There are two basic types for FPV goggles: antenna diversity and receiver diversity Antenna Diversity uses a single receiver with two antennas, to pick up a wider range of signals Receiver Diversity (or RX Diversity) on the other hand is a much better option It uses two active receivers, each with its own antenna It works by switching to whichever receiver has the strongest signal, giving you a more consistent, reliable signal and better image quality

When using multiple antennas, it is common practice to use two different types, such as a directional and an omni-directional antenna in order to pick up the widest range of signals If you are using a circular polarized antenna on your quad and another on your FPV goggles, make sure you match the direction for the best results These are denoted as LHCP or RHCP for left or right handed Mixing right-hand and left-hand polarized antennas will result in significant signal loss Lots of FPV goggles now have built-in DVR’s, recording your flight footage onto a micro-SD card

While we prefer the footage from an onboard DVR such as a high definition GoPro, the DVR in the goggles has come in handy many times when searching for a lost quad after a crash The ability to quickly play back your last footage can save you hours of searching and hundreds of dollars Some goggles without a built-in DVR will have the option to connect to an external DVR While not as convenient as a built-in system, it at least gives you the ability to add this feature to a set of otherwise good goggles An HDMI input can now be found on some models, allowing you to connect them to a high-definition source such as a computer or video game console

While a luxury, this is a great option to have for watching movies or practicing with a drone racing simulator such as Liftoff Some goggles even have 3D capability built in Head Tracking is a feature that matches the camera movement on the drone to the movement of the pilot’s head This provides a more immersive experience for some pilots, and is an optional feature that can be found on some higher end goggles While we think it is a nice feature for camera drones, it can be distracting for many racing and freestyle pilots where a fixed camera view is more popular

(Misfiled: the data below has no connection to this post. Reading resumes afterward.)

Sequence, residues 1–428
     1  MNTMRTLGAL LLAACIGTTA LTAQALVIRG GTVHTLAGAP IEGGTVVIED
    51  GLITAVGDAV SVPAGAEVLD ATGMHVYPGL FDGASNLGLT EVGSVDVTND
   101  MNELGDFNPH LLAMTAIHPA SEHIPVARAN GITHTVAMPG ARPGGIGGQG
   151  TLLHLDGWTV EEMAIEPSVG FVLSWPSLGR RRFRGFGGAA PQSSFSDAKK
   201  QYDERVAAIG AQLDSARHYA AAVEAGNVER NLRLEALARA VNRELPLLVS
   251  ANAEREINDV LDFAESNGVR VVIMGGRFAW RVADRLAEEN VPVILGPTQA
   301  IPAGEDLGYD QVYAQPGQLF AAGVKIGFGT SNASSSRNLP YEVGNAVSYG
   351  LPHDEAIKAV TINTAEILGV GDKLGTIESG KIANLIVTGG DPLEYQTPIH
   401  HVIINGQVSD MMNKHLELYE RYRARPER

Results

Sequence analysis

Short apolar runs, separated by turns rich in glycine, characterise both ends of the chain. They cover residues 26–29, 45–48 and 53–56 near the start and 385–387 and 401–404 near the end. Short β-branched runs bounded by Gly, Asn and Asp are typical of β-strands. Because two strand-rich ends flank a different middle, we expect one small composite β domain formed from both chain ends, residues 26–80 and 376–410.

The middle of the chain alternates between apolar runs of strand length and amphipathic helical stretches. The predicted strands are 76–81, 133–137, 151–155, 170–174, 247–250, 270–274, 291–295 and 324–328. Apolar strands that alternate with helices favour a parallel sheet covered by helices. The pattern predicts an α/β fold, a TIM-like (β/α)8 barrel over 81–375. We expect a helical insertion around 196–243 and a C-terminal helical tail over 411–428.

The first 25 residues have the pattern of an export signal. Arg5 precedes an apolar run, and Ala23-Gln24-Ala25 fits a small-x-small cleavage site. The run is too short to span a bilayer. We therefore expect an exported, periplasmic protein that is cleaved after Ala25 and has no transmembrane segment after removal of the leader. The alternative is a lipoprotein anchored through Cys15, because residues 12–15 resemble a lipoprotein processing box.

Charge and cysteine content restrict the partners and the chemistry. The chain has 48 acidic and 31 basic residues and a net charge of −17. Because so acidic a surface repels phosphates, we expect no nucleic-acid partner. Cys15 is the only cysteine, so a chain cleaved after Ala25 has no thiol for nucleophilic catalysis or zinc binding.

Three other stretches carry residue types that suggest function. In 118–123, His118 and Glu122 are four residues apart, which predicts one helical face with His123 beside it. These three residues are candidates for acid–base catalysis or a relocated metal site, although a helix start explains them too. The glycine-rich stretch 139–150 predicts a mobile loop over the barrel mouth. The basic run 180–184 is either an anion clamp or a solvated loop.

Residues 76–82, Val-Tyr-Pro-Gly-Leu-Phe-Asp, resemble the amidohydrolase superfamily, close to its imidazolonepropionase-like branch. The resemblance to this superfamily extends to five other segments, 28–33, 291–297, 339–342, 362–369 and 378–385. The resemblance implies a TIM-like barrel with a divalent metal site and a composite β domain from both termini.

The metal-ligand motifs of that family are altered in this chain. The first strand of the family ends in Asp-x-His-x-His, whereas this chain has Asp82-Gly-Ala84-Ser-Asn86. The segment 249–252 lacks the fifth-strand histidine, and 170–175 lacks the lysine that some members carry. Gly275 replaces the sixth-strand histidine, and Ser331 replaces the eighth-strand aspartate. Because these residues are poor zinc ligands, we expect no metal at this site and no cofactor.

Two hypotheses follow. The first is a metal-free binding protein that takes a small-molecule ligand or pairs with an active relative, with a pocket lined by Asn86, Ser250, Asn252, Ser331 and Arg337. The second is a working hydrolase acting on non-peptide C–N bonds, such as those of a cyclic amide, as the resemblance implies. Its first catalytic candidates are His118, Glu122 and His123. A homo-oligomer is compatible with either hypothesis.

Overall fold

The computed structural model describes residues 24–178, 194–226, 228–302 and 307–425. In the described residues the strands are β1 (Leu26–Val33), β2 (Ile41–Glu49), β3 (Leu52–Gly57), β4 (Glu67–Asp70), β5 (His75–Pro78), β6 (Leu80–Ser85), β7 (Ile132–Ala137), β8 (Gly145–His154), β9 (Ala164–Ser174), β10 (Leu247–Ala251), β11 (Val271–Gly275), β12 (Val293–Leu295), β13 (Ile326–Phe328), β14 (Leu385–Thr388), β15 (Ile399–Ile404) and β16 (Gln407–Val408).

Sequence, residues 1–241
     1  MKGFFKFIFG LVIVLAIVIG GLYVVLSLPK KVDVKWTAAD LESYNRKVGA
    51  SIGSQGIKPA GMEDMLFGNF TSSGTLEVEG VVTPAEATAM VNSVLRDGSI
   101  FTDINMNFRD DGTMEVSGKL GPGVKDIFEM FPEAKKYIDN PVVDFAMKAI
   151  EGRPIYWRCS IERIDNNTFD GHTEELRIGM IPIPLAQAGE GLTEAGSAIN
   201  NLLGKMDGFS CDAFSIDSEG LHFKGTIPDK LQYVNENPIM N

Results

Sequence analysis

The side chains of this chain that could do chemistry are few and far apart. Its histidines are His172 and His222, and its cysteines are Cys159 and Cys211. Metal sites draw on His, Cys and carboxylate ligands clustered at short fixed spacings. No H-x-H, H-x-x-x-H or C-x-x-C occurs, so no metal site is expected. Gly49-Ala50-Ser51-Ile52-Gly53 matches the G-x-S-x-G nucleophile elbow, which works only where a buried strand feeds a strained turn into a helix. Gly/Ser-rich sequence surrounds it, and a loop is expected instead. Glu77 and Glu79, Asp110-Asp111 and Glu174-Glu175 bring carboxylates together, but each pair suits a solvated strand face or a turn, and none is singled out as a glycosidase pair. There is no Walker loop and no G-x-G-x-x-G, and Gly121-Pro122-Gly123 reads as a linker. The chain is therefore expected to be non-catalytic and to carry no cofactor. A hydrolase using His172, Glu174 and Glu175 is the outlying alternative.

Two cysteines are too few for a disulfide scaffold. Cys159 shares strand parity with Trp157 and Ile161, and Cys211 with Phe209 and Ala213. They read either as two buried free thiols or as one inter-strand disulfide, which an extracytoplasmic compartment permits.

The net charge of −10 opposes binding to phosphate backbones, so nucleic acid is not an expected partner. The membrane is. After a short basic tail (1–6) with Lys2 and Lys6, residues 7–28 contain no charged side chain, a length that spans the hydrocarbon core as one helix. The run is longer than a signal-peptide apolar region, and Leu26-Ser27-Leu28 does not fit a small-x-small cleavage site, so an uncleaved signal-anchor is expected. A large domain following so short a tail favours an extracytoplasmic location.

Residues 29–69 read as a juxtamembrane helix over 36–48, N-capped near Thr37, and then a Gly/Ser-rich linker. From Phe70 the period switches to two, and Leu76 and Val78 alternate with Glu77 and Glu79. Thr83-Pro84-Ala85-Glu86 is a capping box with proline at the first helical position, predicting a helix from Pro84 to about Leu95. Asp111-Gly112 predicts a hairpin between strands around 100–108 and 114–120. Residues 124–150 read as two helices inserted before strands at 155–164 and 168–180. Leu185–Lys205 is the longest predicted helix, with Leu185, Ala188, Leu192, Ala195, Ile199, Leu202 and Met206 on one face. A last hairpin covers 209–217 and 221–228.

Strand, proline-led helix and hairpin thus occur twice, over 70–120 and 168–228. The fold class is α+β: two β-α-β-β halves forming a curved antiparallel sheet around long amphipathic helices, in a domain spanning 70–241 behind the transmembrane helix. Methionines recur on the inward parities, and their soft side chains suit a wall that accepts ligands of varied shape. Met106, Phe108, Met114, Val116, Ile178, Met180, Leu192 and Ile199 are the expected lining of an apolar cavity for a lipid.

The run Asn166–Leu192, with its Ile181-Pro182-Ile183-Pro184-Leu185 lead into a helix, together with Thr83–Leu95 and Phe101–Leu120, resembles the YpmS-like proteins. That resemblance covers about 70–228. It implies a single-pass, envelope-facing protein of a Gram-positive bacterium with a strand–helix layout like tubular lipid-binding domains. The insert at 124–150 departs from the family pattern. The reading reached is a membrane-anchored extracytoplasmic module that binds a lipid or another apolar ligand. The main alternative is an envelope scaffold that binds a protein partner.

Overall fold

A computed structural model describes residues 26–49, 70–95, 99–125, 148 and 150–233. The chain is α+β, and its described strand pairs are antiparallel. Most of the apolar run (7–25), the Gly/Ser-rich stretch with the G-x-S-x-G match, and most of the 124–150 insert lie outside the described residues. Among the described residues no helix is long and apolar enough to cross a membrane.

This feature will mostly depend on your personal preference The color of the goggles is another factor that is seemingly minor but can affect you In direct sun and hot climates, black goggles can heat up more quickly than lighter-colored ones This can make them more uncomfortable and prone to overheating On the flip side, dark goggles are better at containing light leakage, giving you a more immersive experience

A front facing camera is an interesting feature usually only found on higher end models of FPV goggles It is easy for a fully-immersed pilot to lose themselves in the moment and neglect their surroundings A front-facing camera allows the pilot to briefly switch from the FPV view to a front-facing view for a quick look around for safety and awareness We think it’s just as easy to lift the goggles momentarily, but this camera makes it easier to catch your friend who is sneaking up to prank you while you’re flying We always recommend getting the best FPV goggles your budget will allow and have found the sweet spot to be around $300, even for beginner pilots

If that is just too much for your budget, then consider one of the box-type goggles to get all the features at a much lower price Your goggles are the piece of equipment you will likely keep the longest, so make sure that what you choose has the flexibility and features you need now and in the future Do that, and your FPV goggles will last you for years to come Join us next time as we continue to dive into the world of FPV and drone racing Have a question or idea for a topic? Comment below or visit us on Facebook at Facebook

com/Dronucopia Don’t forget to check out our video series “Top-5 FPV Videos of the Week” to view our favorite FPV videos submitted by users Have a video you wish to share? Submit it to our Facebook group “Drone Racing International FPV”